Typeface Review

Diodrum Arabic

Reviewed by Sahar Afshar on July 5, 2017

I often find myself frustrated with Arabic typefaces that are released as companions to Latins. Why, you may ask? Because I am forced to spend time raging against butchered proportions and compromised aesthetics in the design of the Arabic, disservices done to the script in misguided attempts to harmonize it with a Latin counterpart. So when I first saw Diodrum Arabic, it was like finally finding the edge of a roll of tape: so satisfying.

Designed by Bahman Eslami, Diodrum Arabic is a low-contrast, Naskh-based typeface offered in six weights. Despite its almost monolinear nature, many subtle decisions in the design indicate an appreciation for the traditions of Arabic calligraphy: the slight angle of the instrokes and the inclusion of sharper corners in letters like the meem and feh hint at the movements of a reed pen, as do the diamond dots and the smooth connections. The horizontal strokes of the typeface are only slightly heavier than the verticals, and they guide the eye forward when reading. A combination of these features with the open counters and generous character widths has created a pleasant rhythm in the typeface.

I mentioned the dots, and I really need to express my deep appreciation to Bahman for not taking the easy way out by opting to reuse the circular dots of the Latin. It may seem like a small detail, but it is choices like these that, for me, set this typeface apart from so many Arabic releases in the past year(s).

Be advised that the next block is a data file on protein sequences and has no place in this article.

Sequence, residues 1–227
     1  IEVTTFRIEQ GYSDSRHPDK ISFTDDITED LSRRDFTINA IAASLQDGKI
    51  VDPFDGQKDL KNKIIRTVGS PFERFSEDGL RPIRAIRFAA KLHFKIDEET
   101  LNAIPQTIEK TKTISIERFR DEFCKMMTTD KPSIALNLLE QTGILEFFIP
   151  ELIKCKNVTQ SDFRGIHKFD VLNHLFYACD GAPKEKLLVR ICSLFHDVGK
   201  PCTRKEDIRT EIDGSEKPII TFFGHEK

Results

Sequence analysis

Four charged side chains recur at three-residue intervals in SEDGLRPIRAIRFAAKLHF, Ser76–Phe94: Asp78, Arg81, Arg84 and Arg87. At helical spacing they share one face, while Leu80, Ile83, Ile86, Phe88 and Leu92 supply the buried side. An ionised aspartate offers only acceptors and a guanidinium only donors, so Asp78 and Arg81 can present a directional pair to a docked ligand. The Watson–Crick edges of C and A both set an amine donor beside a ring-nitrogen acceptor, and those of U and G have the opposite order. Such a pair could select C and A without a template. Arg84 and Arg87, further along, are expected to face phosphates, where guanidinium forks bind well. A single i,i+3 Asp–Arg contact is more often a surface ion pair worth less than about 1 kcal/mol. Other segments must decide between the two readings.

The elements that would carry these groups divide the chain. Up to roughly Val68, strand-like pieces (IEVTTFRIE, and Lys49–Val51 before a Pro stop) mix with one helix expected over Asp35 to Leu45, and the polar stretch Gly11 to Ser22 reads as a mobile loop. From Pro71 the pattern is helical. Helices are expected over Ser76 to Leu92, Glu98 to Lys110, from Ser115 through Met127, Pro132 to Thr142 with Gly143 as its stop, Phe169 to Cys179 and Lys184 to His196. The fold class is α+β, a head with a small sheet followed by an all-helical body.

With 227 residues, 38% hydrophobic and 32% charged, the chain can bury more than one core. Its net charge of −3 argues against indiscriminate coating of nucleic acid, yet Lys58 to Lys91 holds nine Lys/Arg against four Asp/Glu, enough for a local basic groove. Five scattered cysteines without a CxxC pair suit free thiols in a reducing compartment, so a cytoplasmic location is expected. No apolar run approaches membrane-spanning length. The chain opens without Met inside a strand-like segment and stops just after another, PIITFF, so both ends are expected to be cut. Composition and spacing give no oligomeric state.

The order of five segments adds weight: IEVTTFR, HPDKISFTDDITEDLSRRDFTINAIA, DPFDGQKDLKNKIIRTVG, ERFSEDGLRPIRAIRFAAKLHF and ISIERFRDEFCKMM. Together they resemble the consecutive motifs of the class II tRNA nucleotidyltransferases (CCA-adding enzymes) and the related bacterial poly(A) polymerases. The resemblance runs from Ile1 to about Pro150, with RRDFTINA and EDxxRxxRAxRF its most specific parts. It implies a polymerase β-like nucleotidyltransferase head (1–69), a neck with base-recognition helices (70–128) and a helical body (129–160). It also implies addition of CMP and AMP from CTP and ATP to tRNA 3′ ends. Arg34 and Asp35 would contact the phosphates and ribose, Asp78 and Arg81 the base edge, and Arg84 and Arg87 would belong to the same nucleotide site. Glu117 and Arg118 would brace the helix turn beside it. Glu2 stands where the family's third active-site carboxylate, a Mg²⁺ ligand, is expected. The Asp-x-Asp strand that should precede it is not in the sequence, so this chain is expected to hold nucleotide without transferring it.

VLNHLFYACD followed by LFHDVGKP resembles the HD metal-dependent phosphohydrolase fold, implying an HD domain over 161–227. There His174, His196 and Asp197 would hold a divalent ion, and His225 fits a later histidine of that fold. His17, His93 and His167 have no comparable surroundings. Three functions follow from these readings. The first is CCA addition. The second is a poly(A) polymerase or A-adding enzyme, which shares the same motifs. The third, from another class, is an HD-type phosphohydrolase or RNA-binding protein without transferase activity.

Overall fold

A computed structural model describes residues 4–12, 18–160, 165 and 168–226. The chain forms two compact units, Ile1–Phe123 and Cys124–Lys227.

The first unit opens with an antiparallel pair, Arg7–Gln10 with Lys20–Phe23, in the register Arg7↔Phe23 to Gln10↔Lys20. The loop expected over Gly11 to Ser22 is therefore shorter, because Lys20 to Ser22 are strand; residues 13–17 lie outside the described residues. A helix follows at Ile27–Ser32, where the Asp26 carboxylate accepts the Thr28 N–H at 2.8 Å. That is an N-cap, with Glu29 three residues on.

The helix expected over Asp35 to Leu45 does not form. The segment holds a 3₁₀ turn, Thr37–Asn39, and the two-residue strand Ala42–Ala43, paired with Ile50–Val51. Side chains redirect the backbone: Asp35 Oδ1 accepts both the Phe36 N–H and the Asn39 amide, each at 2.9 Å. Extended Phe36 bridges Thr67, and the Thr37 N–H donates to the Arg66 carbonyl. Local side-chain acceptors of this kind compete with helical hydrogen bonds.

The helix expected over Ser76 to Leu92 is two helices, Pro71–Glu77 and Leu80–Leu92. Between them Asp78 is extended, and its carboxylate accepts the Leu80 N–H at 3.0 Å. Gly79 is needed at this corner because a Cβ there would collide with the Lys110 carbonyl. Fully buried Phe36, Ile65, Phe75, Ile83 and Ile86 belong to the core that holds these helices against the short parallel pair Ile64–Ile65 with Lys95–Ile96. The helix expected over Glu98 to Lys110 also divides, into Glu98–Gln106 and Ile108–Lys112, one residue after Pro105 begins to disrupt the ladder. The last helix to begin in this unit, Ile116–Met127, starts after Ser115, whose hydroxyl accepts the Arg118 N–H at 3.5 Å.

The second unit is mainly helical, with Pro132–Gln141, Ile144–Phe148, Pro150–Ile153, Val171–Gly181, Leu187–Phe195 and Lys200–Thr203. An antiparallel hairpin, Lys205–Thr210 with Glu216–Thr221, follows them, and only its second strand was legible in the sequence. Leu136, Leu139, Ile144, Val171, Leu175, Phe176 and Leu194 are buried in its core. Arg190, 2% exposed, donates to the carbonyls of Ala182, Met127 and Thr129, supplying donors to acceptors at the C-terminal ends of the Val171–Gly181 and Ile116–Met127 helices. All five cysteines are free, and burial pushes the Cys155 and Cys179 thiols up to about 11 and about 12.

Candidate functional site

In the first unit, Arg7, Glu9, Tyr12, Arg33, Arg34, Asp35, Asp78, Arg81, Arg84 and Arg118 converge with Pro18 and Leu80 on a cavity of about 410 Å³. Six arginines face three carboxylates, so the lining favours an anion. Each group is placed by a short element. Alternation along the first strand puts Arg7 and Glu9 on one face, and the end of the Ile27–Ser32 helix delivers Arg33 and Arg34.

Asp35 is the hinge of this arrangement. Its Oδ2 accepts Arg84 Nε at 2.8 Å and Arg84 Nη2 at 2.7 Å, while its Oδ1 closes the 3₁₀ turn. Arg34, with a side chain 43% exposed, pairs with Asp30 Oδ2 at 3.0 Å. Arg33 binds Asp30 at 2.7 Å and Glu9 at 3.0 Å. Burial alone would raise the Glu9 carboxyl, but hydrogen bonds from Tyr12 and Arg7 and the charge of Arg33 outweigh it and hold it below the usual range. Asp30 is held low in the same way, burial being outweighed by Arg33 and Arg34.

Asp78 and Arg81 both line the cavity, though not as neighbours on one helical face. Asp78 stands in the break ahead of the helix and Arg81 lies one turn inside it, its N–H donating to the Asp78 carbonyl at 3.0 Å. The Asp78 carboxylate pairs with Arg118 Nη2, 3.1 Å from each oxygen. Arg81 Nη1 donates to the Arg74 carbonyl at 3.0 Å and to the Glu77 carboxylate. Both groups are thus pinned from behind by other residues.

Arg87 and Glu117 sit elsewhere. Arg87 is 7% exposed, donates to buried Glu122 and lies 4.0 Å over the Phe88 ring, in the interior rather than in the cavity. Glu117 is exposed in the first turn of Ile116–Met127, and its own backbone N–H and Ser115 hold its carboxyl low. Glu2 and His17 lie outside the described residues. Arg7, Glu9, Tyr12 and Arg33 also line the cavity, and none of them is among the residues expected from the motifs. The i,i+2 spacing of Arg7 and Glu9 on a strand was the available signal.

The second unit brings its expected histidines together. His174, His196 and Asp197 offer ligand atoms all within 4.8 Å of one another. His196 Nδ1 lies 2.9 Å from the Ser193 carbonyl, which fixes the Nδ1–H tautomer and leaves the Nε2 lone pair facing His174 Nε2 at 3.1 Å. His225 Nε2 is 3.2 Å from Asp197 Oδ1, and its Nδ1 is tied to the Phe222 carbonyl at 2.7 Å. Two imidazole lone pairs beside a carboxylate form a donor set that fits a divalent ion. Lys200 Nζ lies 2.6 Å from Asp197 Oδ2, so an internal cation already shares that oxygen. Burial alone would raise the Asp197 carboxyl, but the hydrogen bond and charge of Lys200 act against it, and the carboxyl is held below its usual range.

Diodrum Arabic works perfectly as an independent design, yet seamlessly blends with the Latin in multilingual text. As the first Arabic typeface to be released by Indian Type Foundry, it sets a high bar, and makes us hope for more Arabic from this foundry in the future.

Sahar Afshar is a type designer and researcher from Iran. Her interest in typography during her years as a student at the University of Tehran led her to the University of Reading, from which she holds an MA by Research in Typography & Graphic Communication. Since graduation, she has been working on the design of Arabic typefaces and researching the printing of non-Latin — specifically Arabic and Indic — scripts. She is currently based in the UK, and is a doctoral candidate at Birmingham City University, where she is researching Punjabi printing history and culture in post-war Britain.

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